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We are all in this together

Can we please everyone when it comes to IT? Most businesses, regardless of
their size, will have an opinion on that question. Where IT is seen as a partner
or business enabler, the answer is “yes” or “probably”, with caveats. It’s “no”
or “never” where IT is seen as a cost to be controlled and does not have
opportunities to support the business in the right places.

However, when seeking the right balance between business performance and
financial harmony in relation to IT, the size of the business concerned is a
critical factor. This is not because of requirements or degrees of
sophistication ­ the latest IT developments are removing the link between IT
strategy and size of business ­ but because individual decisions count for
relatively so much more in smaller businesses. There is also less insulation
between individual departments and business leaders, and financial controllers
are in much closer proximity to one another.

Before we address how these relationships might impact the way IT is
harnessed today, let us briefly review the opportunities that businesses have to
exploit it more effectively.

Organisations seeking to improve IT’s contribution to the business will
likely find their own opportunities in each of the imperatives highlighted. Here
are a few examples:

Three ways of optimising IT:

  • Server virtualisation
  • Desktop management
  • Systems management

Three ways of optimising the way IT is used:

  • Application training
  • Power and waste management
  • Implementing basic IT governance

Three ways of enabling business efficiency:

  • Get people better connected
  • Make smarter use of the web
  • Unlock the value in your information assets

The items above need no further explanation to IT managers, but driving the
top line is another matter, perhaps. When cost reduction becomes a major focal
point, there is the danger of losing sight of what really matters. Businesses
can cut costs and make efficiency savings, but without effective sales and
marketing activity they cannot flourish.

Fortunately, this side of business is a prime candidate for improvement
through more effective use of IT. It is communication- and time-sensitive,
repetitive and formulaic. It can benefit from improvements in all the areas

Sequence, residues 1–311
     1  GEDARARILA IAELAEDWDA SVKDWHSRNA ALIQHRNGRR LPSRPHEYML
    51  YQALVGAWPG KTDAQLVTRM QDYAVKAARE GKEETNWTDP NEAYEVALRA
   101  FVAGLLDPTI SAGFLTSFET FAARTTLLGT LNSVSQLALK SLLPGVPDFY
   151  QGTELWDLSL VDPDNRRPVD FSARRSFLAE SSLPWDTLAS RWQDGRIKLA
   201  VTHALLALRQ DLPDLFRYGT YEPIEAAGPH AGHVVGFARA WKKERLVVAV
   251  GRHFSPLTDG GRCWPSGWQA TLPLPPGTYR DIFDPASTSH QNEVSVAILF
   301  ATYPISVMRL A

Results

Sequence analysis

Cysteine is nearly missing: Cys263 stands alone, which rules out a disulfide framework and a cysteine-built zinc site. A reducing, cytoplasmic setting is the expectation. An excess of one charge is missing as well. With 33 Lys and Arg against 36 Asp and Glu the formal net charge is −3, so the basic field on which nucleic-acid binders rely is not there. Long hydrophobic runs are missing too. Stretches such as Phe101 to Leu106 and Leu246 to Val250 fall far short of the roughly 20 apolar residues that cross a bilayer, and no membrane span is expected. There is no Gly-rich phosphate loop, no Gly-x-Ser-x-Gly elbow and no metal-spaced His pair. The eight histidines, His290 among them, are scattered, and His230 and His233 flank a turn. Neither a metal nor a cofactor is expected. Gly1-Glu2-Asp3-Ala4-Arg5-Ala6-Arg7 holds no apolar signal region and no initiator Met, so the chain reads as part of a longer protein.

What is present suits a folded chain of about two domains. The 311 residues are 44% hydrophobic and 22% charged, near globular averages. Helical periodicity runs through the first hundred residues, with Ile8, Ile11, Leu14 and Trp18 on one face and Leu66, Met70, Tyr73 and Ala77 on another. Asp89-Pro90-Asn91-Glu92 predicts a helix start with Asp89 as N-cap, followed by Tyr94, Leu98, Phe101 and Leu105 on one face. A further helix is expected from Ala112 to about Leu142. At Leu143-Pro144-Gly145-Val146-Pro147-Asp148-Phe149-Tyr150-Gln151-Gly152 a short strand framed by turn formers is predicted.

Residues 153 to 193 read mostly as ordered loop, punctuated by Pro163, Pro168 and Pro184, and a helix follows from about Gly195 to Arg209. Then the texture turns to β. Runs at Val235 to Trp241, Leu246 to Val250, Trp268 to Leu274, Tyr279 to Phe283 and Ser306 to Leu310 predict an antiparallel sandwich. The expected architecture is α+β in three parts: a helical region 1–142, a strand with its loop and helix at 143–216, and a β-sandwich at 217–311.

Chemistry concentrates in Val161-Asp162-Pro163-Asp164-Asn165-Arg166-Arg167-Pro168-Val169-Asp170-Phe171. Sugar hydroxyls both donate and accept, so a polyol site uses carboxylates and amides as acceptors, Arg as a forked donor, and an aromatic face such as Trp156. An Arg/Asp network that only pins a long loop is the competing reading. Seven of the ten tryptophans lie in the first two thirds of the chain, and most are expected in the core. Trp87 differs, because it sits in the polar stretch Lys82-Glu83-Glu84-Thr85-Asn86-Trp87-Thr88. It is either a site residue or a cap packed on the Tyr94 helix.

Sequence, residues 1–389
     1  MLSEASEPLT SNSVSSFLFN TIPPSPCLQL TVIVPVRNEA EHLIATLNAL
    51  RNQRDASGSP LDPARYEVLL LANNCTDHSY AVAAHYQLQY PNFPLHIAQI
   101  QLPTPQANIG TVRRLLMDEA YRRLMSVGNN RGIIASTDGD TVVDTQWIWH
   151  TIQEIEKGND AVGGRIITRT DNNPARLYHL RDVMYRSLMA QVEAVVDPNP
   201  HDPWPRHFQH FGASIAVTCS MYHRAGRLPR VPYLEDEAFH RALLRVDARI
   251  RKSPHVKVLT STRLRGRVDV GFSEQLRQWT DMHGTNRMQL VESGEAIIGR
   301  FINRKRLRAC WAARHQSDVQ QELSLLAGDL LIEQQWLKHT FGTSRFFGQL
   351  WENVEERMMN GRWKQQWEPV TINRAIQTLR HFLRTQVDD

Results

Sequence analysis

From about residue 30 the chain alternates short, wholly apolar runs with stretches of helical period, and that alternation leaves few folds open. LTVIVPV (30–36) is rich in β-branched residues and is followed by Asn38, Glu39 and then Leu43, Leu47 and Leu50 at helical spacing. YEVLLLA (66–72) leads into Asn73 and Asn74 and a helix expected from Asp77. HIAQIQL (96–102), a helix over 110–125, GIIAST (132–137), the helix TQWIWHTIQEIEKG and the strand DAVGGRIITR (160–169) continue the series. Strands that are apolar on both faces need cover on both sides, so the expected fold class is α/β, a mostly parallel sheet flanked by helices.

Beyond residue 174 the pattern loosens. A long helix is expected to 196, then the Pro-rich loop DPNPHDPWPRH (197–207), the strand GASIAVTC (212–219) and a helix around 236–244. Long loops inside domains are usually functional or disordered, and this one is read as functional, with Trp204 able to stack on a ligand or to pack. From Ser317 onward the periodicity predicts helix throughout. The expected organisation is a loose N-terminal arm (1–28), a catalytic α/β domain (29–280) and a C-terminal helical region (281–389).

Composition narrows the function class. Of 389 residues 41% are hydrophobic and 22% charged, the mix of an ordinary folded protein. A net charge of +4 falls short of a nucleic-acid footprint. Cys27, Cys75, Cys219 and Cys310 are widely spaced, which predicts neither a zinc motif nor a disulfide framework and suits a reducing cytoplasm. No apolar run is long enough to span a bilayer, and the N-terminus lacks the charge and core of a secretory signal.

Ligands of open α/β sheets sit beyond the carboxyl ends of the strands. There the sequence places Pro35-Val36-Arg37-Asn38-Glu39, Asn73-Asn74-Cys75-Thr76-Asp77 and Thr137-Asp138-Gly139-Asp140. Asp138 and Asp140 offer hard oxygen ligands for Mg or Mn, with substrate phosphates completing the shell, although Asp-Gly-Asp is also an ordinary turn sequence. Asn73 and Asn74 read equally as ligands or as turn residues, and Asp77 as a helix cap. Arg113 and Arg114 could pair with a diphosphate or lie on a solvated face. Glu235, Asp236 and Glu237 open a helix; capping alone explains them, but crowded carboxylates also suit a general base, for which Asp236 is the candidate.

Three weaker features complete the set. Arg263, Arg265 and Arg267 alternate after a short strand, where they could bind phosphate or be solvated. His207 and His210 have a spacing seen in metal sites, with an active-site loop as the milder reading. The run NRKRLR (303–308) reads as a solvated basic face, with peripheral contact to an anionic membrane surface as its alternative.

outlined above as well as being a target area in its own right.

For example, IT could drive better operational consistency through user
training or exploring unified communications. Driving efficiencies here could
involve revamping the company web site, implementing basic business intelligence
performance metrics, or “closing the loop” around customer relationship
management by building a single view of the customer across product development,
marketing and sales.

Most businesses will already have a pretty good idea where they could make
some IT-supported improvements to their business. The question is, can they, and
does the economic climate and the close-knit environment of small businesses
lend itself to making the most from IT?

The first thing to acknowledge is that the right balance between all these
elements will not be achieved by accident. During planning, disproportionate
representation of one area ­ leadership or ownership, operations, finance or IT
­ over another is likely to create a skew in how IT is perceived and used by the
business. The chances are that this dynamic is already established in your
organisation. The important question is: can improvements be made for the good
of the business instead of being beholden to a particular influencer in the
business?

Again, the answer could be “yes, with a few caveats”. The caveats are not
technical, but they do involve each stakeholder acknowledging the others’
priorities and goals. The finance director wants to control costs, the
operations director wants a slick and efficient business, the owner wants to
turn a profit.

As we have already discussed, there are opportunities for IT to make a
positive impact across all these domains. Hence, the common goal ­ the good
health of the business ­ is the focal point to bring different stakeholders
together to prioritise what’s best for the business, instead of taking a course
of action that only suits one particular stakeholder’s view.

In the current economic climate – a phrase you must be heartily sick of by
now ­ no business can afford to avoid this critical, and possibly difficult,
conversation.

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